East Devon developers do not disclose their viability agreements – EDDC thinks they should remain confidential because they contain “commercially sensitive information” yet Bristol disagrees and publishes theirs.
Baker Estates in Honiton have been allowed to reduce the number of affordable properties, using such a confidential document.
“Last autumn, campaigners scored an unprecedented victory. The target was “viability assessments”: dossiers produced by housing developers to justify the amount of affordable housing – or lack thereof – in their developments, and which are frequently used during the construction process to shrug off previous commitments.
“Developers were saying, ‘We can’t afford to put 30-40% affordable housing in here,’ to make the profits they are legally entitled to,” says Louise Herbert, spokesperson for Bristol-born tenants union Acorn. “But all of their numbers – how much they projected to sell the houses for, how much they bought the land for – were redacted.”
Acorn, along with the Bristol Cable media co-operative, campaigned for the full release of these files. Following a public outcry, the council voted to make the viability assessments public.
Now, Herbert says, the public can examine these assessments themselves, and make sure that more affordable housing is built in their areas.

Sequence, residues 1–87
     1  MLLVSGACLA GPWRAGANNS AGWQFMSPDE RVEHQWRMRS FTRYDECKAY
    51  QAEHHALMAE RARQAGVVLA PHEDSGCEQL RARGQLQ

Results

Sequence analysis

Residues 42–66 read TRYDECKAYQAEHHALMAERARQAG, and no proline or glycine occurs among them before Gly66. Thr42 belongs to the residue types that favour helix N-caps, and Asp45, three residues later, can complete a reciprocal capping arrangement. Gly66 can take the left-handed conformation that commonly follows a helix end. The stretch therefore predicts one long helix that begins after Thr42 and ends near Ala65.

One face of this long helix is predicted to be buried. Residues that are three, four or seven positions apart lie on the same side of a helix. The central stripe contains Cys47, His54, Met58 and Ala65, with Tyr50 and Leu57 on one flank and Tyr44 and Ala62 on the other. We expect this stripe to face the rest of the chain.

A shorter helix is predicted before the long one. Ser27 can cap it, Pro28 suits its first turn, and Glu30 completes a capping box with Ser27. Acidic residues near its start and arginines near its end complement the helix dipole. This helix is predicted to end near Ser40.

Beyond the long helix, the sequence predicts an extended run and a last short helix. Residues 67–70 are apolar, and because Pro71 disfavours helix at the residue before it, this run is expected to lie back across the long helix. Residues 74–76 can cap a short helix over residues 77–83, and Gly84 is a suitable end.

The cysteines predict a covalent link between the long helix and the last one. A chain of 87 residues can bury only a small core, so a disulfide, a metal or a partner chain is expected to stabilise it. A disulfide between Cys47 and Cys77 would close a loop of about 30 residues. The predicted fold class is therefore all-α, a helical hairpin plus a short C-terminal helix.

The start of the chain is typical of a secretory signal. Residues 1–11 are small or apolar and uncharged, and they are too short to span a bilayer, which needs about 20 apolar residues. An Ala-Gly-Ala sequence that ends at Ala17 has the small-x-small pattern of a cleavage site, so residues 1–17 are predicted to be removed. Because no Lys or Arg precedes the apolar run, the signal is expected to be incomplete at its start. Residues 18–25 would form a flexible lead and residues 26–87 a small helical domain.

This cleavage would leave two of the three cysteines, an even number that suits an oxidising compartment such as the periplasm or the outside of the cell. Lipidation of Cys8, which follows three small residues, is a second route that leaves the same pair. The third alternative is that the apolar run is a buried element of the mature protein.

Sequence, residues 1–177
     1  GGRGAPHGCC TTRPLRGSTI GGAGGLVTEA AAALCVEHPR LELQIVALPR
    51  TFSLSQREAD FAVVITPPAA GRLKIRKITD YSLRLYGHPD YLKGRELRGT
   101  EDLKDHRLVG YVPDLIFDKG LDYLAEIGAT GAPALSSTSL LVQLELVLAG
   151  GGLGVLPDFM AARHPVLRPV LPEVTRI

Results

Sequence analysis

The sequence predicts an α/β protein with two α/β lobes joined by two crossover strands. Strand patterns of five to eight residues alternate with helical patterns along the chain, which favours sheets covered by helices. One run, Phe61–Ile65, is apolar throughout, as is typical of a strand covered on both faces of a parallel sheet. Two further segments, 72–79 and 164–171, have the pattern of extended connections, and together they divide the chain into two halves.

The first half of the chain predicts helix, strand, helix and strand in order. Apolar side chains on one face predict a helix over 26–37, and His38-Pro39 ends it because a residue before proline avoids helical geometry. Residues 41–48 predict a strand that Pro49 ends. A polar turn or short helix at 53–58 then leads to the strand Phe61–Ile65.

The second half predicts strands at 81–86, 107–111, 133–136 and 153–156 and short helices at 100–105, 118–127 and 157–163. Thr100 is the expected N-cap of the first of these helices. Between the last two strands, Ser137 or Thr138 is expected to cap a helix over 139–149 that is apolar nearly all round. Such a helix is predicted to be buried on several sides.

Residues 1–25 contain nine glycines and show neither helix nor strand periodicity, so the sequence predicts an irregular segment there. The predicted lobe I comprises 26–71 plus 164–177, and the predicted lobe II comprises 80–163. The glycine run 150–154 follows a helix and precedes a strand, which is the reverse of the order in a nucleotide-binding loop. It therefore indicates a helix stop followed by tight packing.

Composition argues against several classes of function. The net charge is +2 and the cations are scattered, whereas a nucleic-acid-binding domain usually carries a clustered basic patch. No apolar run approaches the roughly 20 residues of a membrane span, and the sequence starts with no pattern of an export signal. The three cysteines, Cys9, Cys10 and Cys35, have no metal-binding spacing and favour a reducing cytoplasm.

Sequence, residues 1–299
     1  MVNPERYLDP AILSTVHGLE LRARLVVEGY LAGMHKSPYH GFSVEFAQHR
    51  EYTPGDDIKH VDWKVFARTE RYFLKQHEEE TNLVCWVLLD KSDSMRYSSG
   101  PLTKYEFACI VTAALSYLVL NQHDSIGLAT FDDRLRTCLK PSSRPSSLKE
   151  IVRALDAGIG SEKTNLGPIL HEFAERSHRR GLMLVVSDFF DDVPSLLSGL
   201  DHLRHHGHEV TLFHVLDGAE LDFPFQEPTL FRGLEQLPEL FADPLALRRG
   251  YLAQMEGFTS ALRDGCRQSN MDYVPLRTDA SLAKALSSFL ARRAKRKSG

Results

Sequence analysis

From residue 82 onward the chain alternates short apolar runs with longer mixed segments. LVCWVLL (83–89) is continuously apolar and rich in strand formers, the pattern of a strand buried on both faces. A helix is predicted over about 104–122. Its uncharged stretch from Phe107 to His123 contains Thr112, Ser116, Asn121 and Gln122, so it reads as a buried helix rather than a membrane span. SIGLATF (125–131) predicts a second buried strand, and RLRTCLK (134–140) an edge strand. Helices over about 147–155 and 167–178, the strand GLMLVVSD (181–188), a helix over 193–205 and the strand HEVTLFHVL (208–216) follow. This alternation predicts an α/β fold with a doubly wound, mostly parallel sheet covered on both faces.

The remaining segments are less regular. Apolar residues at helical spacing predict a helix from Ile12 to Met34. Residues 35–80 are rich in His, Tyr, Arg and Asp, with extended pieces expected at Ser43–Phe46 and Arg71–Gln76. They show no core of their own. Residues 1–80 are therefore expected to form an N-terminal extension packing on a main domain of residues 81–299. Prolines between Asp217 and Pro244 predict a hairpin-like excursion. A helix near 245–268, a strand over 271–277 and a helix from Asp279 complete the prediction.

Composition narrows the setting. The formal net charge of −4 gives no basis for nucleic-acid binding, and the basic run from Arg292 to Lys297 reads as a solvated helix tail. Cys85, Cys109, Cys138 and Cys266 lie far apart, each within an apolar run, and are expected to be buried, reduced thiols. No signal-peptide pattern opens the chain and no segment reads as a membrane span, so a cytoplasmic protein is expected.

In response, Andrew Whitaker, planning director at the Home Builders Federation (HBF), argues that those without formal training “may feel that the figures set out in such assessments are ‘too high’ or ‘too low’ and make representations and decisions accordingly, rather than based on the evidence.”
For now, it’s too soon to tell if publishing the viability assessments has achieved change in Bristol. But it’s a small step that could point the way for cities such as London, where viability assessments remain pervasive, or Manchester, where in contravention of the city’s own guidelines, none of the nearly 15,000 planned new developments have any provision for affordable housing.
Bristol’s mayor, Marvin Rees, believes that it sends a signal to developers: “We’re a great city to do business in – but we want the right kind of money.”
Councillor Paul Smith agrees. “Housing can’t be left to the market if you want to meet the housing needs of the whole city,” he says. “There are 500 families in temporary accommodation, 100 people sleeping rough on the streets, huge numbers who are inadequately housed, and people living in poor-quality, high-rent accommodation.”…